Peter Herndon has posted a great comment in response to the recent TimBL interview (and a bunch of other stuff I linked to), quoted in full below. I thought I'd be able to cover most points with links to the ESW Wiki FAQs, but that'd need a lot of dredging and I need to get some code done right now, so if anyone can help with these points in the meantime that'd be grand. (I've numbered the paragraphs to save quoting).
 The basic value premise, as far as I see it, is something like this: Put an RDF layer on top of your existing data sources, and computers that would otherwise have to understand your dataÃ¢â¬â¢s format specifics can now usefully interact with your data generically. Is that accurate? Or, perhaps I should ask, in what ways is that statement inaccurate? What am I missing?
 Something that is interesting to me personally is Bill de hOraÃ¢â¬â¢s statement that heÃ¢â¬â¢s tired of writing ER specifications, tired of building database schemas, and he says he no longer needs to thanks to RDF. In short, huh? How is he getting away with that?
 HereÃ¢â¬â¢s my understanding. Now, in a relational database, (speaking very informally here) a given table defines the properties of each row. So, each row fulfills the relationships defined by the table definition Ã¢â¬â row A has property X, property Y and property Z, where X, Y, and Z are declared in the table definition to be of specified data types. Relational theory 101, bear with me. An RDF triple says much the same thing, at a more decomposed level, if I understand correctly. A triple basically says, something A has a relationship B with something C, where A, B, and C are URIs. Is Bill going to be storing these RDF triples somewhere (a Ã¢â¬Åtriple storeÃ¢â¬?, from what IÃ¢â¬â¢ve read), and assembling useful data as needed by running a query on the triple store? In what form will that useful data be, a set of triple statements?
 Where do ontologies fit in? I donÃ¢â¬â¢t think I understand their place in the stack. That is, I understand XML, and I understand schemas, XSD or RelaxNG. Schemas define the syntax of an XML document. OWL/ontologies (are they interchangeable?), do they work like schemas? Can you Ã¢â¬ÅvalidateÃ¢â¬? an RDF/XML document against an OWL document? And what does that mean? What does it get you? What are the practical implications? On the human level, an OWL ontology assigns semantic meaning to an RDF statement, right? So, a computer can reference an OWL ontology and make meaningful use of it by doing stuff like equivalence operations: Ã¢â¬Åall subjects that have relationships X with objects Y as defined in OWL Z have the same propertyÃ¢â¬? Ã¢â¬â is that a start on it?
 I speak Java and Python, with a strong preference for the latter. What are the tools for working with the Semantic Web stack? That is, what are your recommendations? From briefly perusing pragmatron.org, IÃ¢â¬â¢m seeing Redland as your triple store, and SPARQL as your query language. Uche, on the other hand, offers 4Suite et al. and uses VERSA for querying. If I had existing relational databases, what would I use to RDF-enable them?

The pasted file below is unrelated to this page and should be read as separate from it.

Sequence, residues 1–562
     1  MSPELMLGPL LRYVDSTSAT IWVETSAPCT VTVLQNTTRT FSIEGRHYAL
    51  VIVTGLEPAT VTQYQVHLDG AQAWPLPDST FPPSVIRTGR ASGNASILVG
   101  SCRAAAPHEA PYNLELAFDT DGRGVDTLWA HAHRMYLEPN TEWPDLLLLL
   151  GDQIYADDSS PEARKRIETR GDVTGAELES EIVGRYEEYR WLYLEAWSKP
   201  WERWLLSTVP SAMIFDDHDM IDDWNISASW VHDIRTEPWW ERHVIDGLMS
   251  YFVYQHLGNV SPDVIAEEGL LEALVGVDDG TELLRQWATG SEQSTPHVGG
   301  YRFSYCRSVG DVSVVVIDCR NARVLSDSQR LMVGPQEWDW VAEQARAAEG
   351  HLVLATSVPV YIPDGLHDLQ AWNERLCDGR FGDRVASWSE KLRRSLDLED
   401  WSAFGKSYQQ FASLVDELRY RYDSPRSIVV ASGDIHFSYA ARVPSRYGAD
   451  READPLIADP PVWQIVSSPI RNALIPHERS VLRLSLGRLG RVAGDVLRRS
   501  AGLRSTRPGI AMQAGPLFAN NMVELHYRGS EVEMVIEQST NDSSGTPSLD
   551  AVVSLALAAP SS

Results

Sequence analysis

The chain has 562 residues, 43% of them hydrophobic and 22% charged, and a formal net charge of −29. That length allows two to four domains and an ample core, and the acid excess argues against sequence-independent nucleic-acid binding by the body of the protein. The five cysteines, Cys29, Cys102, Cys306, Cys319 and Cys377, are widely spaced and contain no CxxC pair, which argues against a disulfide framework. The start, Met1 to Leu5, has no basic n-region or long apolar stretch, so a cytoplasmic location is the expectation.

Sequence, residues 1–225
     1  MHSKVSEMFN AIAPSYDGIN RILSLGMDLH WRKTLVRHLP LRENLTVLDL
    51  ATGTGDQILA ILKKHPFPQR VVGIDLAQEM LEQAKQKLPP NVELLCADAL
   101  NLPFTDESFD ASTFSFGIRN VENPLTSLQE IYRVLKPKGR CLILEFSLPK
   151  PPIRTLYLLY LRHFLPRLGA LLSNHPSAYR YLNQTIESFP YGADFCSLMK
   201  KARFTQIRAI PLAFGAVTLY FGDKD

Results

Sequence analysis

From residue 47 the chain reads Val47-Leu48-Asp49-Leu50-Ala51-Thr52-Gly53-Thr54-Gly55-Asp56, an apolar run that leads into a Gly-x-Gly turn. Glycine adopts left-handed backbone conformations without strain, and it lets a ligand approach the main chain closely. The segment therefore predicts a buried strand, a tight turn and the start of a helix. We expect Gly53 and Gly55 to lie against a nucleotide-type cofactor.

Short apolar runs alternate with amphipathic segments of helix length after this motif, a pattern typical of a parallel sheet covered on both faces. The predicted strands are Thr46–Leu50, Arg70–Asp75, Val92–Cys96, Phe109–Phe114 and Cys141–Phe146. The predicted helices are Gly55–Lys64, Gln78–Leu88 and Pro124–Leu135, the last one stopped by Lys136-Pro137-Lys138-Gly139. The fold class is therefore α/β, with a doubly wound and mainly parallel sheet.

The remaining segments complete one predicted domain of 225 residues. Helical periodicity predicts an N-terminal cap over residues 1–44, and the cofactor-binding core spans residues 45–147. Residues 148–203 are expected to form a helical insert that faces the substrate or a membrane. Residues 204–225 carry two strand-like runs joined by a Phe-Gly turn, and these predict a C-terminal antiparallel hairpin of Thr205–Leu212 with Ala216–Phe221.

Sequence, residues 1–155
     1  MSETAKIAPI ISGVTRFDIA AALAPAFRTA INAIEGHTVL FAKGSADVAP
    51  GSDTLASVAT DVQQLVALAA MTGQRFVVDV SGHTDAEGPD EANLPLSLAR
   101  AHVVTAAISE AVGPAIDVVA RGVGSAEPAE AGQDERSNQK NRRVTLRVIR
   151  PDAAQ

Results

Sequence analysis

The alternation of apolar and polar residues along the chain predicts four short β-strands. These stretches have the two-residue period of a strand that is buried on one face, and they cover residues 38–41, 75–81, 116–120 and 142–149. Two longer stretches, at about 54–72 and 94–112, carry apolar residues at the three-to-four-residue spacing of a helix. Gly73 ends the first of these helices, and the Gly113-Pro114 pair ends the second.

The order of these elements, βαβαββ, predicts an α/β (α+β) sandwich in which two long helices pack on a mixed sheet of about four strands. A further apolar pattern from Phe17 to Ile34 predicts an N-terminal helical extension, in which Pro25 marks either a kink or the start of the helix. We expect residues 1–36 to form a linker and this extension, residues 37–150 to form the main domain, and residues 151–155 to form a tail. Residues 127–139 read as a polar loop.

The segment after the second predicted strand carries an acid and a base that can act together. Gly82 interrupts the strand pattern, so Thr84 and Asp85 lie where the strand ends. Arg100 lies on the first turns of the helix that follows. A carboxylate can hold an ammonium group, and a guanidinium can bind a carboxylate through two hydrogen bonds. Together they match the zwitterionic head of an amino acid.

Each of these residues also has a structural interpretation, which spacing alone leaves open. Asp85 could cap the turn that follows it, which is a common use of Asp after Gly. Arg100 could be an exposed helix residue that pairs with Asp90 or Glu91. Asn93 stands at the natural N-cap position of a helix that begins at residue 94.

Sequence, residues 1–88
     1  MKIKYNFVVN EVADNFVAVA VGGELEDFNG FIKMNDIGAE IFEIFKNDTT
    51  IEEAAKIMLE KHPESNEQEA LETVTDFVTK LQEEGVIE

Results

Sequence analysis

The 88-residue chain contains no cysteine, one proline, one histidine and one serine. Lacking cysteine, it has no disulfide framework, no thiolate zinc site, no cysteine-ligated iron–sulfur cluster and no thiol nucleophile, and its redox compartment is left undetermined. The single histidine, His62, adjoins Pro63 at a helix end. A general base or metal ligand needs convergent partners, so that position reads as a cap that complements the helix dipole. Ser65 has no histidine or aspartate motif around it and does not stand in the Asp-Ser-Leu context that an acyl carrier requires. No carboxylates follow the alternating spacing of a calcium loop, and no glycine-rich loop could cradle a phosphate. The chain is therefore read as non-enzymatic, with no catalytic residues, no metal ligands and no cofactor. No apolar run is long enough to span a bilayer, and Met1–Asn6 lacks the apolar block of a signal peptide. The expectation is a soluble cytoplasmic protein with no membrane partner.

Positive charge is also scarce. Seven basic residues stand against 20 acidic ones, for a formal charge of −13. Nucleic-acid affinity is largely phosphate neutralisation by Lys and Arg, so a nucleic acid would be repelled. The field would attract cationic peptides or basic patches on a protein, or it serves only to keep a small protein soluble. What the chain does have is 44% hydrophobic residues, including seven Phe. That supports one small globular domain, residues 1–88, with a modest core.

In the interview, TimBL states that certain layers of the SemWeb stack donÃ¢â¬â¢t really exist yet, starting with the rules/logic layer, and that neither specifications nor implementations exist. Is that accurate? Does it matter? As Philip J Eby said, XML is a step forward from Java, but a step back from Python for efficiency of expression. My first instinct is to think that the rules/logic layer is, at least for the moment, best realized through code. I can see where a lot of value could be had from having generic, public-accessible stores of XML-specified rules/logic, but I feel a strong sense of chicken-and-egg syndrome. Or at least, practical infrastructure should be built first. Am I on target?
 Speaking of specific RDF vocabularies (is that the correct term?), DOAP has the potential to add (monetary) value to a programming project, by making certain things easier Ã¢â¬â categorization, relationships with other projects (including dependencies), that sort of thing. RDF-ized calendaring and email data has obvious benefits. FOAF, perhaps, could find a place in an identity infrastructure something-or-other, but for the most part (to my eye) has most of its value in the individual social web context. That is, it enables/builds social web contexts between individuals. I havenÃ¢â¬â¢t seen FOAF used in a commercial context yet, where it adds (monetary) value in its own right. In short, it has a large Ã¢â¬ÅcoolÃ¢â¬? factor, but little commercial application, as yet, though the potential exists. Are there other RDF vocabularies I should be tracking? IÃ¢â¬â¢ve been lurking on the Atom mailing lists, so IÃ¢â¬â¢m aware of the unsuccessful (accurate characterization?) attempt to make the format be, um, easily RDFable. Is that a reasonable verb?
 And, on what mailing lists are Semantic Web technologies discussed and announced?